Investors view the environment as a major long-term investing opportunity, according to the results of a survey of investors released by Allianz Global Investors.Of the 1,003 investors surveyed, 49 percent said that over the next 12 months they were likely to invest in a company or mutual fund looking to provide solutions for environmental problems; 17 percent reported having already made such an investment.
Investors expressed strong familiarity with environmental issues. Seventy-three percent said they knew at least a fair amount about the greenhouse effect and 73 percent said they knew at least a fair amount about the Energy Star energy efficiency rating. That compares with 77 percent who said they knew at least a fair amount about mutual funds.The survey found that while the environment represents a major financial opportunity for some companies, it should be an essential operating consideration for most.Eighty-four percent of the investors surveyed believe a business’s profitability will be increasing linked to its ability to address resource sustainability issues. More than two-thirds (67%) of the investors surveyed strongly or somewhat agreed with the statement that “global warming is a serious threat that businesses need to address in order to be successful.”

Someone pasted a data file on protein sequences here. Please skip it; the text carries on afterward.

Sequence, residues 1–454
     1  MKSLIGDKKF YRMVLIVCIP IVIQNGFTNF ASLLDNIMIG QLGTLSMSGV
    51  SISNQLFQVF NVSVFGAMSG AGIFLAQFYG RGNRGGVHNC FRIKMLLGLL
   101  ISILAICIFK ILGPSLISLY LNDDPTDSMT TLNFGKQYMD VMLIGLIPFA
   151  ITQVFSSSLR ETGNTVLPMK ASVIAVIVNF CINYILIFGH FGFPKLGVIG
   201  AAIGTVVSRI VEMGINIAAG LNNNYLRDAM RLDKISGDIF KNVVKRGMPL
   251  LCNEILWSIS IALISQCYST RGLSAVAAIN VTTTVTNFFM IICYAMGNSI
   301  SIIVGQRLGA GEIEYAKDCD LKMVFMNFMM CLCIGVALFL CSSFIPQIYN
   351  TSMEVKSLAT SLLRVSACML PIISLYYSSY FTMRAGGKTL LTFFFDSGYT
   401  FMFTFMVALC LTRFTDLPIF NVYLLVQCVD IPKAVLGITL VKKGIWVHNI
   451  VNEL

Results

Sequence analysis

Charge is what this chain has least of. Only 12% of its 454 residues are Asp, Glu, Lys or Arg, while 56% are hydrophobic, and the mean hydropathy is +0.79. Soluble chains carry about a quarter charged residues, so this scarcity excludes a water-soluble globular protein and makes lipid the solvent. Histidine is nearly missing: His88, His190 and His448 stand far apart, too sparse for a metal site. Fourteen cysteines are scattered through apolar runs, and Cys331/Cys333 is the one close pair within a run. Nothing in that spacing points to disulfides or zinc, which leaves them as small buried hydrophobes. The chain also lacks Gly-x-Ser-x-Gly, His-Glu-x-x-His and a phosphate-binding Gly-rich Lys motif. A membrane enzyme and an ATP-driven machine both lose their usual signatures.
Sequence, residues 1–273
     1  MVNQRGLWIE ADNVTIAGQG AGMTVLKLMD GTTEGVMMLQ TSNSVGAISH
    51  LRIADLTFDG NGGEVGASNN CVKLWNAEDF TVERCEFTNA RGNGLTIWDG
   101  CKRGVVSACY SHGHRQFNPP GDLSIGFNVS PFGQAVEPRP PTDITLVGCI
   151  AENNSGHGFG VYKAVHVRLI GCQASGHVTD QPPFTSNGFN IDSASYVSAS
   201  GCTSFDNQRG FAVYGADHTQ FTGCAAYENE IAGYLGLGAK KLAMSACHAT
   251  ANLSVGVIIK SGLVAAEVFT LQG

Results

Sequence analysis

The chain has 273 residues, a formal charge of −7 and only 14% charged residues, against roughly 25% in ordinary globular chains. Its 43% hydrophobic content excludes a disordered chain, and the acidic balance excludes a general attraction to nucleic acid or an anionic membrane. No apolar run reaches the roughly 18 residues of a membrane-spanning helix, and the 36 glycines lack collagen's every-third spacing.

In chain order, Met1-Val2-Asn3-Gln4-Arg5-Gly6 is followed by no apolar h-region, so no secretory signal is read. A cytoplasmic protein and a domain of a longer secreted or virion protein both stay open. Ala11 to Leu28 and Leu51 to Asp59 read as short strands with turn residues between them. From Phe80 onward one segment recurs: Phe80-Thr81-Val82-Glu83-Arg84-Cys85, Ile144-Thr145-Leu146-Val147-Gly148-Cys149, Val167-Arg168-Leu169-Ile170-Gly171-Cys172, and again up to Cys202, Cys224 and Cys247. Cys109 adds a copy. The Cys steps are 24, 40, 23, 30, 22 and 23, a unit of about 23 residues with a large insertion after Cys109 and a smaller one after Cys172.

While investors believe the environment is a serious business issue, they also believe that many companies have yet to view it that way. Nearly eight in 10 investors (78%) say most companies today focus on environmental issues for public relations value rather than financial value.
Seventy-three percent of investors said they would need to consult a financial advisor for help investing in the environment. Interestingly, among investors with a financial advisor, 83 percent said their advisor had yet to recommend an environment-related investing opportunity.
The poll was conducted via the Internet between December 14 and December 20, 2007, by GfK Roper Public Affairs & Media, a division of GfK Custom Research North America. Participants had to be age 25 or older and have primary or shared responsibility for investment decisions in households with financial assets of at least $100,000. The sample was weighted to match the characteristics of the total online population in terms of gender, age and region, according to the U.S. Census.